Trade: Exports (2009)--largest contribution from energy products, cotton, gold, mineral fertilizers, ferrous and non-ferrous metals, food products, services, and automobiles. Imports (2009)--largest imports were machinery and equipment, foodstuffs, chemicals, ferrous and non-ferrous metals. Major trade partners (2010)--Russia 29.2%, China 9.5%, Kazakhstan 8.3%, South Korea 7.4%, Turkey 4.4%.
External debt (total gross, 2011 est.): $7.7 billion.

PEOPLE
Uzbekistan is Central Asia's most populous country. Its 28 million people, concentrated in the south and east of the country, are nearly half the region's total population. Uzbekistan had been one of the least developed republics of the Soviet Union; much of its population was engaged in cotton farming in small rural communities. The population continues to be heavily rural and dependent on farming for its livelihood. Uzbek is the predominant ethnic group. Other ethnic groups include Russian 5.5%, Tajik 5%, Kazakh 3%, Karakalpak 2.5%, and Tatar 1.5%. The nation is approximately 88% Sunni Muslim. Uzbek is the official state language; however, Russian is the de facto language for interethnic communication, including much day-to-day government and business use.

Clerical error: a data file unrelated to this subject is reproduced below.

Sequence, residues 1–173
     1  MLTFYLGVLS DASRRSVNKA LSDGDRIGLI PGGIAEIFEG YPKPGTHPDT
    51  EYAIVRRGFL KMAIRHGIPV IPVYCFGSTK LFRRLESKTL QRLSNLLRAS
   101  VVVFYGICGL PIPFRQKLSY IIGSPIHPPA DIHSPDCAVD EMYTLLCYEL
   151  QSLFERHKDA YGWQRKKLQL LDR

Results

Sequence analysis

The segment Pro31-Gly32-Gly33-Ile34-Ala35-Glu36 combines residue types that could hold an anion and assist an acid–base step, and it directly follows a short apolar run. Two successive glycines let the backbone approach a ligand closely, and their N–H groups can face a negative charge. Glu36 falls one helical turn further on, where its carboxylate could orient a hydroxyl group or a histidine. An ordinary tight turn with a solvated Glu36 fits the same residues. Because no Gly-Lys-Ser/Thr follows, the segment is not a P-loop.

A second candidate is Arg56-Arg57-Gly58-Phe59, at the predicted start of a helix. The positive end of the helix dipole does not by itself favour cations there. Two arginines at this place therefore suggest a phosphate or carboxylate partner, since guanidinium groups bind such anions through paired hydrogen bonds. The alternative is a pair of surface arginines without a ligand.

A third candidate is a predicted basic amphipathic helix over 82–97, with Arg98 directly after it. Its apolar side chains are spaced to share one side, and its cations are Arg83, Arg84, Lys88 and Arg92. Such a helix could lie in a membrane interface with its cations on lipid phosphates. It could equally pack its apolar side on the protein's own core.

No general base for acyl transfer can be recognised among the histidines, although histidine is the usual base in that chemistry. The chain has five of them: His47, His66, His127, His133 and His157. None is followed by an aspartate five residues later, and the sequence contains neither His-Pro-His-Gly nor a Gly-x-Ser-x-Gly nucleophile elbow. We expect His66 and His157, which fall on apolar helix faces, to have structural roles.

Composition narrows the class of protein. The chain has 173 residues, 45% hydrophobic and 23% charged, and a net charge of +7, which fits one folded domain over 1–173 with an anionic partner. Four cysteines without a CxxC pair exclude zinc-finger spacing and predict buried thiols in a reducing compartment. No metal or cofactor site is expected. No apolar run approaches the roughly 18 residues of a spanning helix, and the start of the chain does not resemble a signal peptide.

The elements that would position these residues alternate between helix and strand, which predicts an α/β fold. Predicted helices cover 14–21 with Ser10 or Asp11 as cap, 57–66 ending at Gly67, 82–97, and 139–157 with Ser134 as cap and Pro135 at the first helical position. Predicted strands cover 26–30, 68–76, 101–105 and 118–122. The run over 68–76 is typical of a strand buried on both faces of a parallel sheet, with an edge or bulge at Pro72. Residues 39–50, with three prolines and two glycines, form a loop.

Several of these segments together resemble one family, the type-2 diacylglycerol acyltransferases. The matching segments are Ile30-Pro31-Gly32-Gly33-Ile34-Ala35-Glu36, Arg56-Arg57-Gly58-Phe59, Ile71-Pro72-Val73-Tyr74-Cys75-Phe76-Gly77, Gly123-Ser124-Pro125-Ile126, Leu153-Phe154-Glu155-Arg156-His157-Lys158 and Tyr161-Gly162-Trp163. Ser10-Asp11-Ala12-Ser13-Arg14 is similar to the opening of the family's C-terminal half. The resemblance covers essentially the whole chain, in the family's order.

The educational system has achieved 99% literacy, and the mean amount of schooling for men is 12 years and for women is 11 years. However, due to budget constraints and other transitional problems following the collapse of the Soviet Union, texts and other school supplies, teaching methods, curricula, and educational institutions are outdated and poorly kept. Although the government is concerned about this, budgets remain tight. Similarly, in health care, life expectancy is long, but after the breakup of the Soviet Union, health care resources have declined, reducing health care quality, accessibility, and efficiency. Uzbekistan continues to enjoy a highly educated and skilled labor force.